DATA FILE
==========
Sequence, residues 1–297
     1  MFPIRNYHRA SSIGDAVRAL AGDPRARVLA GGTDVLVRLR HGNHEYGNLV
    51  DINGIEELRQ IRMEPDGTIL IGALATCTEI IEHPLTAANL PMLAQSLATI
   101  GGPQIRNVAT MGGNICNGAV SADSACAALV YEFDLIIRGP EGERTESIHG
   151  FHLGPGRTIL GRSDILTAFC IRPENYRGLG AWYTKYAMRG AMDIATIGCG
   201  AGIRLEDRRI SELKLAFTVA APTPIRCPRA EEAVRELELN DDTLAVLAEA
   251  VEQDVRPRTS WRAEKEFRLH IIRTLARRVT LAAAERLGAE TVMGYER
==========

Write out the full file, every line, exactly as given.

Sequence, residues 1–297
     1  MFPIRNYHRA SSIGDAVRAL AGDPRARVLA GGTDVLVRLR HGNHEYGNLV
    51  DINGIEELRQ IRMEPDGTIL IGALATCTEI IEHPLTAANL PMLAQSLATI
   101  GGPQIRNVAT MGGNICNGAV SADSACAALV YEFDLIIRGP EGERTESIHG
   151  FHLGPGRTIL GRSDILTAFC IRPENYRGLG AWYTKYAMRG AMDIATIGCG
   201  AGIRLEDRRI SELKLAFTVA APTPIRCPRA EEAVRELELN DDTLAVLAEA
   251  VEQDVRPRTS WRAEKEFRLH IIRTLARRVT LAAAERLGAE TVMGYER